We The Italians | Italian little Italies: San Giovanni in Marignano, where the Malatesta hid the grain

Italian little Italies: San Giovanni in Marignano, where the Malatesta hid the grain

Italian little Italies: San Giovanni in Marignano, where the Malatesta hid the grain

  • WTI Magazine #106 Aug 19, 2018
  • 164

Before entering the Borgo, opposite to the city tower you can admire the church of Santa Lucia. Built on an earlier century religious building in 1786, it is also dedicated to the Madonna “della Scuola”. Of the ancient church, of which the new one has maintained the architectural structure, only a fresco by an unknown author from Romagna depicting a Madonna and Child remains.

The organ with about 600 tin and wood barrels (XVIII century) has been restored and is now used in performing concerts.

Once you enter the Borgo you are in Piazza Silvagni, it’s plan developed around the market square and dates back to the eighteenth century. The square is bounded on one side by the church of Santa Lucia and on the other side by the castle entrance tower, now the town tower, which was part of the system of fortification built by Sigismondo Pandolfo Malatesta between the 1438 and the 1442 (the other entrance tower, the northern one, was demolished in 1854). The town tower is 24 mt. high thanks to an additional floor where the clock and the belfry were housed; its original height is visible by observing the difference in colour of the wall. You can also see the side holes left by the drawbridge chains.

San Giovanni is a fortified borgo, crossed by the “via di mezzo” (middle way) that is overlooked by fine buildings dating back to 1700 and 1800. This is the main street; the axis of symmetry for the side roads that intersect or run parallel,  according to a fifteenth century geometric plan, in that time the Malatesta family renovated the original thirteenth-century city plan.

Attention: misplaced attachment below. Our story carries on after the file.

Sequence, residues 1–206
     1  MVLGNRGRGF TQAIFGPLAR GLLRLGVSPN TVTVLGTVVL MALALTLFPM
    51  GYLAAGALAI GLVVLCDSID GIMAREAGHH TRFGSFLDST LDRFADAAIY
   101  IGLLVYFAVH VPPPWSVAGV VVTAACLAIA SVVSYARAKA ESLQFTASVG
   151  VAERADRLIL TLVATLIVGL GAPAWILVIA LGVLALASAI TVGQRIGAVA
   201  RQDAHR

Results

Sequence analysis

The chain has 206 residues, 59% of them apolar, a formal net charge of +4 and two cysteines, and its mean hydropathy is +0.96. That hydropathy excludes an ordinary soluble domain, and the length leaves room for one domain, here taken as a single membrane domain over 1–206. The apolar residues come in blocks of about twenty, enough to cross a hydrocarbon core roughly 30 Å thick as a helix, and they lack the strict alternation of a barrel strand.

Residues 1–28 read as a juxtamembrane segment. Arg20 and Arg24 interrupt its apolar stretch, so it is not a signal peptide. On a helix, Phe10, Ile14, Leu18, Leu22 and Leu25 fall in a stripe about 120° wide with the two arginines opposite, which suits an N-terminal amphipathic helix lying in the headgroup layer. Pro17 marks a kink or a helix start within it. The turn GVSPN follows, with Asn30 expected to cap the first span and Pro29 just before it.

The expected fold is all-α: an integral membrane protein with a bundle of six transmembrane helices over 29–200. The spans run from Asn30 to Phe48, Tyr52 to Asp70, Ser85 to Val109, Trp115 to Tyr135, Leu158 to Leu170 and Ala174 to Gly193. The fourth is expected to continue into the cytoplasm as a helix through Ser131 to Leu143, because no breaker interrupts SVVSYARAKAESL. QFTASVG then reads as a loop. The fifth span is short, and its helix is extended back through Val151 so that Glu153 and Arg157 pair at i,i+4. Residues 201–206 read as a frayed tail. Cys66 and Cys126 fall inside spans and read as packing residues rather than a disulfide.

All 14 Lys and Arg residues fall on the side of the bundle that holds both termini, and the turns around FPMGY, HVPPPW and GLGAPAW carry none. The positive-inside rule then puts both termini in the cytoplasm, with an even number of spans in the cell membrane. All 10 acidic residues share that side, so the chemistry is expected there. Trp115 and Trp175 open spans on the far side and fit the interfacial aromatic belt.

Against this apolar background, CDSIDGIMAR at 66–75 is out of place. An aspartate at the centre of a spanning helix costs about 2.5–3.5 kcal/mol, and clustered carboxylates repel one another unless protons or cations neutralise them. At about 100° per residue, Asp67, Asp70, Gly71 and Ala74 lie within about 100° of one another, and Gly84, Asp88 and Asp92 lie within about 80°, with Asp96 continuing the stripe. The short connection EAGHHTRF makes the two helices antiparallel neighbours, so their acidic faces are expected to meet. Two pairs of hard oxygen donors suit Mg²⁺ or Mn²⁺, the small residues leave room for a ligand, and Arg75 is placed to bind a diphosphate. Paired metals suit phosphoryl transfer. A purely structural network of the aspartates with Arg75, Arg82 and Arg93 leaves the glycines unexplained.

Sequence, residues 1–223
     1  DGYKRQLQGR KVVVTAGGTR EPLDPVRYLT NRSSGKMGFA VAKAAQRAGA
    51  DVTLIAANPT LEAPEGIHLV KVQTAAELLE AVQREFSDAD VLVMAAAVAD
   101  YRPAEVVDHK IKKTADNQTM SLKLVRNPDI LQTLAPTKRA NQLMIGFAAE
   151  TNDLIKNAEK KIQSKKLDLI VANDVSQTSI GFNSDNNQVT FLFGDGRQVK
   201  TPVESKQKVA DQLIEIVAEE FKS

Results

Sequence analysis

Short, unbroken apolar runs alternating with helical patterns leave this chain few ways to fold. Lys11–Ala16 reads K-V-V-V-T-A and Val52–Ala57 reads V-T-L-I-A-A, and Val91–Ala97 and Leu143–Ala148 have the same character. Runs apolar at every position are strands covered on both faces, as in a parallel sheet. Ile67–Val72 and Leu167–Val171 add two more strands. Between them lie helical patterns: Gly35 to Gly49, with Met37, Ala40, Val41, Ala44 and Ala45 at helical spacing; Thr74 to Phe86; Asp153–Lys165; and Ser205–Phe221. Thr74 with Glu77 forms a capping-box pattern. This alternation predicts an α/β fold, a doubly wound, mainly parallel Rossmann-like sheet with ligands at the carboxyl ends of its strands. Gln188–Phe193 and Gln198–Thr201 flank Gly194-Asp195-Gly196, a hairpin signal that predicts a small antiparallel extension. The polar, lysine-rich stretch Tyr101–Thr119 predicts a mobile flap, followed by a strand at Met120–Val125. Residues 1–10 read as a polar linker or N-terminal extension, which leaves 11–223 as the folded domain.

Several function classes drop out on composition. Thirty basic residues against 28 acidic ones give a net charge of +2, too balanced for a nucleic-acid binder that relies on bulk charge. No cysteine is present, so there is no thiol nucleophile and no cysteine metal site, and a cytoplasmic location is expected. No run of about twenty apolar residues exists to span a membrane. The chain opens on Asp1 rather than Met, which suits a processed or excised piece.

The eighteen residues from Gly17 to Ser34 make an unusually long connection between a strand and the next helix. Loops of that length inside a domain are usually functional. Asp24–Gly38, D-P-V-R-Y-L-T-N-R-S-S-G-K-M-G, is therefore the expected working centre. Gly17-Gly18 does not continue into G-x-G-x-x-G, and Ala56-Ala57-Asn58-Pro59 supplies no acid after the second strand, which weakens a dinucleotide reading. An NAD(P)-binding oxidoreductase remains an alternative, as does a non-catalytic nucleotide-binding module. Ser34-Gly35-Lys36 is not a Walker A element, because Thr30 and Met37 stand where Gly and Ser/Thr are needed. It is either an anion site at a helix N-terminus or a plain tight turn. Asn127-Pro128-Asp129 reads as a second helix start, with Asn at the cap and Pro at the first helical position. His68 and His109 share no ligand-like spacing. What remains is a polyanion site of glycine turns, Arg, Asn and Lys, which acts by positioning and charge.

The corn pits are now partially visible in the pavement thanks to some recent restoration works.

In the borgo there are at least three major buildings: a church, a theatre and a palace. The church of San Pietro, already mentioned in a document of 1348, should be of the same age of the castle foundation, that was built during the thirteenth century. The church appears today as it was renovated during the mid eighteenth century, but it was restored two times earlier by the monks of San Vitale in Ravenna (XVI century). A very important history that is represented by the table of Christ carrying the cross by Nicolò Rondinelli (late XV century) and the wonderful high altar by the sculptor Domenico Taschini (1754).

The Massari Theatre, still active today, is one of the beautiful nineteenth-century theatres of Romagna. The building was first the oratory of the Confraternity of the Rosary, then it became a theatre in 1821 and radically renovated in the typical Italian-style, with the shape of a horseshoe with two tiers of boxes, in 1855.

Palazzo Corbucci was the residence of the Lord of Pesaro, Malatesta de’ Malatesti, in the second half of the fourteenth century. After several changes of ownership, the palace was purchased by Pietro Corbucci in 1812 and today you can see it only from outside.

Finally you can admire the castle walls that are considered as the pivot of the Malatesta fortified system. The defensive plan (XIV century), also projected by Filippo Brunelleschi, consisted of walls topped by six towers, surrounded by a moat (where the stream Ventena still flows today), with two drawbridges equipped with towers.

A recent restoration work has involved the Ventena bridge and part of the ancient city walls.

Your tour can end at the church of Santa Lucia, the departure point, next to which is the church of Santa Maria in Pietrafitta, rebuilt in 1730. This church houses a small treasure: a fragment of a pluteus slab dating back to the Carolingian period (VIII or IX century); a rarity that takes you back to the dark background of the time. 

The name 

The forms of devotion to the patron saint of the area have Byzantine origin. San Giovanni Battista (Saint John the Baptist) gave the name to the settlement, which was characterized by the fertility of the soil and the abundance of harvest since ancient times.

The feast of San Giovanni takes place on the day of the summer solstice, when crops ripen.

The original residential settlement must have developed on the ancient fundus Mariniani of the late Roman age, probably around a country manor of which some archaeological ruins emerged.